20 Most Recent Aeris Max Depth Analog 2 Gauge Console Questions & Answers


Scuba tanks can be filled well past 3200psi. When they do a hydrostatic test it is well beyond any pressure that any dive shop will fill a tank to. The highest I've seen the pressure get in my tank is 4000 and that is when the filler at the dive shop forgot about it.

Aeris Max Depth... | Answered on May 30, 2011


You may need to take it to an authorized dealer

http://www.diveaeris.com/dealers.asp

or contact aeris directly for support:
http://www.diveaeris.com/contact.html

Aeris Max Depth... | Answered on Jul 31, 2009


Pressure gauges are sealed and should not ever get bubbles in them. If there's air in the gauge, there's some possibility the Bourdon tube has a crack in it. You will spend more time dinking around with getting a bubble out and resealing the gauge than the instrument is worth. The pressure gauges on a fill station are industry standard parts and you can buy replacements off the shelf. They're not terribly expensive. Replace it.

Aeris Max Depth... | Answered on Dec 01, 2008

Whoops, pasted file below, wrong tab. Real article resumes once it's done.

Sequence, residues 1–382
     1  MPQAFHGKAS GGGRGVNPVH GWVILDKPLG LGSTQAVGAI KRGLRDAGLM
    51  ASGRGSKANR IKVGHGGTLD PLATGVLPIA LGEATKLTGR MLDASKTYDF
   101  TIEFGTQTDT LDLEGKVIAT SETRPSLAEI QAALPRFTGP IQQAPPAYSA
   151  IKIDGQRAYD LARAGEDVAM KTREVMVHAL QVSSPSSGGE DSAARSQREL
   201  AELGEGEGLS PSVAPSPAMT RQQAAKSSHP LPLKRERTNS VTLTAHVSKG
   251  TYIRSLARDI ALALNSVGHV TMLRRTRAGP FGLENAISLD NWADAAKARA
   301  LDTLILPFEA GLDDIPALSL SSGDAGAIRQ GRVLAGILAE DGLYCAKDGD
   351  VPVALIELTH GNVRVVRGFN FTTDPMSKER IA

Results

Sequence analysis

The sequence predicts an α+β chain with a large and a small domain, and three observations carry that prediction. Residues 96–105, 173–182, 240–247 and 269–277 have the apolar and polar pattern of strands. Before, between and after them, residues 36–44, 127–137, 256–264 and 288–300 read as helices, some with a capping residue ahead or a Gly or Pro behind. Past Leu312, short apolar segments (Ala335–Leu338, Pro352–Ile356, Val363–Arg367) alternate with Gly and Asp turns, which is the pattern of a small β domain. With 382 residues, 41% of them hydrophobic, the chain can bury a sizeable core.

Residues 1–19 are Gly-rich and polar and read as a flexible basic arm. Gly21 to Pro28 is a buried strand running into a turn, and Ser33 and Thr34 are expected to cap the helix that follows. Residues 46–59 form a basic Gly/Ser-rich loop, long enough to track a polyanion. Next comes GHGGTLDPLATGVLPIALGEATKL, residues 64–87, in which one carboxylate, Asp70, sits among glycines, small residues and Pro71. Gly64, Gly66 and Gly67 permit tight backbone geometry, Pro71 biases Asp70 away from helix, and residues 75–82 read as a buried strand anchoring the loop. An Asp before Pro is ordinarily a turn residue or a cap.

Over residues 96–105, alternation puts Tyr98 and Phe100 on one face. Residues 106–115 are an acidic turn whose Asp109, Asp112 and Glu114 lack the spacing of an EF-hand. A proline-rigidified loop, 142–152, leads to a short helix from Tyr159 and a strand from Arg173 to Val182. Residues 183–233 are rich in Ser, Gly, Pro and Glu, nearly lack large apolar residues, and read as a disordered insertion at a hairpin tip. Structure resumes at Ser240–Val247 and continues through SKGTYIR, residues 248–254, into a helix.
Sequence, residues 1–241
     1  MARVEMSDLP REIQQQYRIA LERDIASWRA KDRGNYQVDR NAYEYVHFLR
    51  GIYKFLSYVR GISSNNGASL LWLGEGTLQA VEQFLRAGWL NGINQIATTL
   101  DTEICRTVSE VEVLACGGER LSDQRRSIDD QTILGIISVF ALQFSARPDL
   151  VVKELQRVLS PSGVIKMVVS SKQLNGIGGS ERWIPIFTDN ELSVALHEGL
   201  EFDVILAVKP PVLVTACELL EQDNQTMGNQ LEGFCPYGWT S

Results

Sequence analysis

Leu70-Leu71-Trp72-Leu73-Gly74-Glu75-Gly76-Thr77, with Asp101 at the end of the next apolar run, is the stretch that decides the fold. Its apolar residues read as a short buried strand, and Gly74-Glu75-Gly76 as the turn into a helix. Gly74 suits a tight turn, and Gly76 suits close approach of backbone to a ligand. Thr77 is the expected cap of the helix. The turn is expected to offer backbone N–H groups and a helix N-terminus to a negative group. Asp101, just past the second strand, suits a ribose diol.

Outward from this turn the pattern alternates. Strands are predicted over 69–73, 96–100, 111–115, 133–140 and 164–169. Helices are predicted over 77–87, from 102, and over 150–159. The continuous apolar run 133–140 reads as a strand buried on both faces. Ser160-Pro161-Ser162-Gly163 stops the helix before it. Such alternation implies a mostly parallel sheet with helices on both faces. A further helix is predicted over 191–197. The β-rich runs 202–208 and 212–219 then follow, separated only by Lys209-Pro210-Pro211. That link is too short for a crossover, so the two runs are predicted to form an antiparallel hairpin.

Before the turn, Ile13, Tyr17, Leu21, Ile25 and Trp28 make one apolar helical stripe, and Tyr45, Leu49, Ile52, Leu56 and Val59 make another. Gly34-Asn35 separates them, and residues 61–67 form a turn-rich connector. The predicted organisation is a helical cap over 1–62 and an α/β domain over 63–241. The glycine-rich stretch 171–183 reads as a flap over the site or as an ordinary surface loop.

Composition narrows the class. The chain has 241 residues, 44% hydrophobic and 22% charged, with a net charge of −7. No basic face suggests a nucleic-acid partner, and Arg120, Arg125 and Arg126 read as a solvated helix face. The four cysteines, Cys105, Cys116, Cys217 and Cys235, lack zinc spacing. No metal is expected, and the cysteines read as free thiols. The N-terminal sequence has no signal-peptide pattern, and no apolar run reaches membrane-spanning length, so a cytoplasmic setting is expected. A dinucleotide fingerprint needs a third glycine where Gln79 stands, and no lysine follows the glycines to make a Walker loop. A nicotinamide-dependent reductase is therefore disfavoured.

Scuba gauges give a diver three very important pieces of information: 1. Time 2. Depth 3. Air Consumption This information enables a diver to stay within safe time and depth limits and avoid running out of air. There are many different devices on the market to help with this, from simple gauges to complex digital consoles. Time If a diver is not using a dive computer to monitor their nitrogen, they dive according to approved dive tables. To use dive tables properly, a diver needs to track their downtime. This can be done with a good dive watch. Two things make a good dive watch: water resistance and a rotating bezel. 1. Water Resistance. Good dive watches are rated to a depth in meters or feet (e.g. 200 feet) or a pressure rating in atmospheres (e.g. 4atm). Even though most divers probably won’t dive below 130 feet (the recreational dive limit), a good dive watch should be rated to 200 feet. Note: There is a difference between “water resistance” and “waterproof”. A “waterproof” watch is what you would wear in the shower, but would probably start leaking at 15-20 feet. 2. Rotating Bezel. A bezel is an adjustable ring on the face of the dive watch with a pointer indicator. At the beginning of a dive, the pointer on the bezel is aligned with the minute hand where it stays though out the dive. At the end of the dive, you compare the difference between the bezel and the minute hand to find out the length of the dive. The bezel should only move “counterclockwise”. It is possible to accidently move the bezel during a dive. Because of this, watchmakers make sure any accidental movement will turn the time in a conservative direction, making the dive longer rather than shorter. Depth Another important part of scuba gauges is a depth gauge. A depth gauge enables a diver to keep track of their depth even if they cannot see the water’s surface. Gauges can be either an analog (needle-and-dial) device or a digital device. Both work in the same way. They measure the surrounding water pressure and convert this into an accurate reading of your depth. Another feature of a good depth gauge is a maximum depth indicator. This tells a diver their maximum during a dive and must be reset after each dive. Air Consumption Another equally important part of scuba gauges is a submersible pressure gauge (SPG). This is connected to the first stage with a high-pressure hose and measures the pressure of the air in the tank. The SPG is much like the gas gauge on a car. At the beginning of a dive, a diver starts with a full tank. This should be about 3000 psi or 200 bars. As the diver breathes during the dive, the gauge will move slowly downwards. This allows the diver to have enough air left in the tank to: 1. Make a slow, safe ascent 2. Make any necessary decompression stops 3. Inflate their BCD once at the surface 4. Breath from the regulator if the surface conditions are rough A submersible pressure gauge also allows a diver to stop diving with air still in the tank. This keeps contaminants from entering the tank due to no air pressure. Wrist Depth Gauge Scuba gauges come in two basic styles. Stand alone gauges or gauge consoles. Stand alone gauges such as a wrist mounted depth gauge or a submersible pressure gauge attached to the first stage of a regulator are great backups when using digital gauges. Gauge consoles allow divers to have all their gauges in one place. Although less easy to read, analog gauges sometimes give slightly more accurate readings than digital gauges, particularly at shallow depth. Submersible Pressure Gauge Choosing Scuba Gauges When choosing scuba gauges, remember to look for: 1. Easy-to-read numbers 2. Luminescent dial or back lighting options 3. Rotating/swivel mounting 4. Easy disassembly for cleaning or replacing parts 5. Good warranty